s.111A of the Employment
Since 29 July 2013, employers and employees have be able to engage in confidential, “off the record” discussions about terminating employment thanks to s. 111A Employment Rights Act 1996 (“ERA”). This has become known as “protected conversations”. However, my experience is that very few employers – or employees – know exactly when these protected conversation can take place – and indeed in what situations they can’t.
Nearly everyone has heard of the common law principle of without prejudice. This still exists and essentially prevents any discussions that are made in a genuine attempt to settle a dispute from being raised in front of a court or being used as evidence.
However, this principle has required updating as without prejudice rules state that a dispute must be on-going before the “without prejudice” rules kick in. In employment law terms, there are many times when an employer may wish to raise the issue of parting ways with an employee before any dispute has actually arisen. Indeed, case law tells us that even where an employee has raised a grievance, this is not necessarily enough to be considered as an on-going dispute.
s.111A ERA introduced a statutory form of the without prejudice rule but with one main difference; the parties did not need to be in a dispute for it to kick in. There are however some restrictions on when s.111A can be used.
- 111A protection can only be used:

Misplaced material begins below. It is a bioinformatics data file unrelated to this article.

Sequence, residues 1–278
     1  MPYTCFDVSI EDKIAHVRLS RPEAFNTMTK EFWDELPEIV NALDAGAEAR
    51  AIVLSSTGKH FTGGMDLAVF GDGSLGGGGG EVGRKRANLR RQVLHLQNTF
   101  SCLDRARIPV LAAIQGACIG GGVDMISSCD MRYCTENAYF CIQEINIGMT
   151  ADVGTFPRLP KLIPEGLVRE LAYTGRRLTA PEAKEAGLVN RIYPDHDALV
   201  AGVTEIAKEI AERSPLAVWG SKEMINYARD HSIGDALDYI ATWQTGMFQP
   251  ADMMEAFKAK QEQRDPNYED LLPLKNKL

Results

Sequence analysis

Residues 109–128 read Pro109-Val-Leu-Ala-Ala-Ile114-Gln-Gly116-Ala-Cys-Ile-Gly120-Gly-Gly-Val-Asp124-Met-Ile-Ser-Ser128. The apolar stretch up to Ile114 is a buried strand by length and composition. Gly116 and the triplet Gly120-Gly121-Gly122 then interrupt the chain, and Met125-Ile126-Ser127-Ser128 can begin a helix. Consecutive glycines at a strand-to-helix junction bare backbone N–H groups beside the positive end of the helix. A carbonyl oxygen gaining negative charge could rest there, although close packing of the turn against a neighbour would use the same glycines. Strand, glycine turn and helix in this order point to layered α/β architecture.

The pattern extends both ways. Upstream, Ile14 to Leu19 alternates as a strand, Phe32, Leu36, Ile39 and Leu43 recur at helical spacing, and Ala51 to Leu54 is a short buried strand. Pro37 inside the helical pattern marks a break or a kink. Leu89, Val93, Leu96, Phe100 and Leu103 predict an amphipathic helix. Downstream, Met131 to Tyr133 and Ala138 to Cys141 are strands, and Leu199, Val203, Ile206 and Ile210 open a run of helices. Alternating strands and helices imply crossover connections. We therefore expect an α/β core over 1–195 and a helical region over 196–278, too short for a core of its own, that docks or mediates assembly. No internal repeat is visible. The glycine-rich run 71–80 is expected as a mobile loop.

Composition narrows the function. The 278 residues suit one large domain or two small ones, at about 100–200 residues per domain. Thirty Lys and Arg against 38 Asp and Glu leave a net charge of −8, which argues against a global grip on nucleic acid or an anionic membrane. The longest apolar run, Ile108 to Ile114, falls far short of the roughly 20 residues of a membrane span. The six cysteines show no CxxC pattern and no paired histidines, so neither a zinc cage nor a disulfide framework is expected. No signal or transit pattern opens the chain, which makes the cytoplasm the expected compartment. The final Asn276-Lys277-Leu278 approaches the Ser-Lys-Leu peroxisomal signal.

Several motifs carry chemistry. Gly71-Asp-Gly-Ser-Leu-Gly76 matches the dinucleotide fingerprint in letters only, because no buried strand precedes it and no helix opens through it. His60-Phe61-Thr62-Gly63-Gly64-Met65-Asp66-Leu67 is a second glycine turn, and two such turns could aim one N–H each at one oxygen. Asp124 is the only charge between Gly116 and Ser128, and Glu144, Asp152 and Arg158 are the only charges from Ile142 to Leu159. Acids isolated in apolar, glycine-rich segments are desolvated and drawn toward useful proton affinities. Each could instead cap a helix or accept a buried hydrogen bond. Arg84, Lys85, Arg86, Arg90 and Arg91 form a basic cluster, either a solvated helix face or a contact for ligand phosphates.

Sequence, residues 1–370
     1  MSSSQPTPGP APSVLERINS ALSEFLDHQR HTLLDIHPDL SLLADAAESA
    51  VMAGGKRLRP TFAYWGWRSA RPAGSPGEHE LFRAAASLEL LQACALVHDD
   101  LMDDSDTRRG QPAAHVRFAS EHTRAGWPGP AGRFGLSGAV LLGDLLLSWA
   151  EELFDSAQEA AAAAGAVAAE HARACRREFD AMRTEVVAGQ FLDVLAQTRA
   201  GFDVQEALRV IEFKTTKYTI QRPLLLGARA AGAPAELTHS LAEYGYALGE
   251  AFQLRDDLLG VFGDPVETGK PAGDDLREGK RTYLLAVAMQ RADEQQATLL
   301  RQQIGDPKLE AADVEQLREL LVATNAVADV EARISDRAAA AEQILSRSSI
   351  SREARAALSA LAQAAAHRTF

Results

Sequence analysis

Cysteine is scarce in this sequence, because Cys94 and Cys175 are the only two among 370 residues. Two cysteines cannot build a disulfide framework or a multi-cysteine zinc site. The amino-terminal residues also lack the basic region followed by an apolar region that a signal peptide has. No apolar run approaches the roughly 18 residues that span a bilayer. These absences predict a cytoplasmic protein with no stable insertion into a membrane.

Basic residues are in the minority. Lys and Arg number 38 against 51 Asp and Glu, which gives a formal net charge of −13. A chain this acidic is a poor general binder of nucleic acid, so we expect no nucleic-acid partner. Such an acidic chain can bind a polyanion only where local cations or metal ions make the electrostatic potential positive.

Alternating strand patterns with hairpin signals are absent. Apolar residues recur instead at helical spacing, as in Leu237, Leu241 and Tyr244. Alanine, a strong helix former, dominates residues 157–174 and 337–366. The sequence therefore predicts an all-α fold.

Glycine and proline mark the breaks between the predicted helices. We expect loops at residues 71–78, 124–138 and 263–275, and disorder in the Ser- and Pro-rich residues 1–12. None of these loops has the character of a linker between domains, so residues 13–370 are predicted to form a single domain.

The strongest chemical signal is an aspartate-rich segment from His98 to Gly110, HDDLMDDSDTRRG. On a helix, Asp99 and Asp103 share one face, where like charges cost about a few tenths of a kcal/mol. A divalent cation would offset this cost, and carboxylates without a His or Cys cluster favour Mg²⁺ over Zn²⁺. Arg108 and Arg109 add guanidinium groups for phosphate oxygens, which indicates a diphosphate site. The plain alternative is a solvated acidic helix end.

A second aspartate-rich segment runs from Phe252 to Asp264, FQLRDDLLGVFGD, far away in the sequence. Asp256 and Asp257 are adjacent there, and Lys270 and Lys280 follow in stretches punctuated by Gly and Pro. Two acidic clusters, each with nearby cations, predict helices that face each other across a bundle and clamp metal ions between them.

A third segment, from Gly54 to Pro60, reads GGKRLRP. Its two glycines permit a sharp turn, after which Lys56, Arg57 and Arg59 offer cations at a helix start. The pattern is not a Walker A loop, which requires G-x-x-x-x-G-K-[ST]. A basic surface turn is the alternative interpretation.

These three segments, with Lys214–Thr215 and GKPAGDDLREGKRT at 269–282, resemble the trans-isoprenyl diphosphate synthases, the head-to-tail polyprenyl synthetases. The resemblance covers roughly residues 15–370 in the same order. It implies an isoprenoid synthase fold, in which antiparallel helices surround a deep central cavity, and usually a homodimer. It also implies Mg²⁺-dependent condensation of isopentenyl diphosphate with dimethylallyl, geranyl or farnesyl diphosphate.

- In claims of “ordinary” unfair dismissal – this means that if the claim is one of automatic unfair dismissal (such as a dismissal related to whistleblowing), one of discrimination claims or a breach of contract claim, s.111A protection cannot be relied upon.
- Where there is no improper behaviour – this can be for example threatening the employee to accept the terms offered (including pressuring them or not giving them sufficient time to consider), harassment, bullying or discrimination.
Protected conversations are ideal when an employer may not be happy with an employee’s performance, but wants to give that employee the option of entering into a settlement agreement instead of going through a formal performance review. Indeed, any party can broach the subject of a settlement agreement and an employee may likewise wish to raise the option of a settlement agreement to end their employment.
For any further information or advice on protected conversations or terminating employment, please contact Ilinca Mardarescu.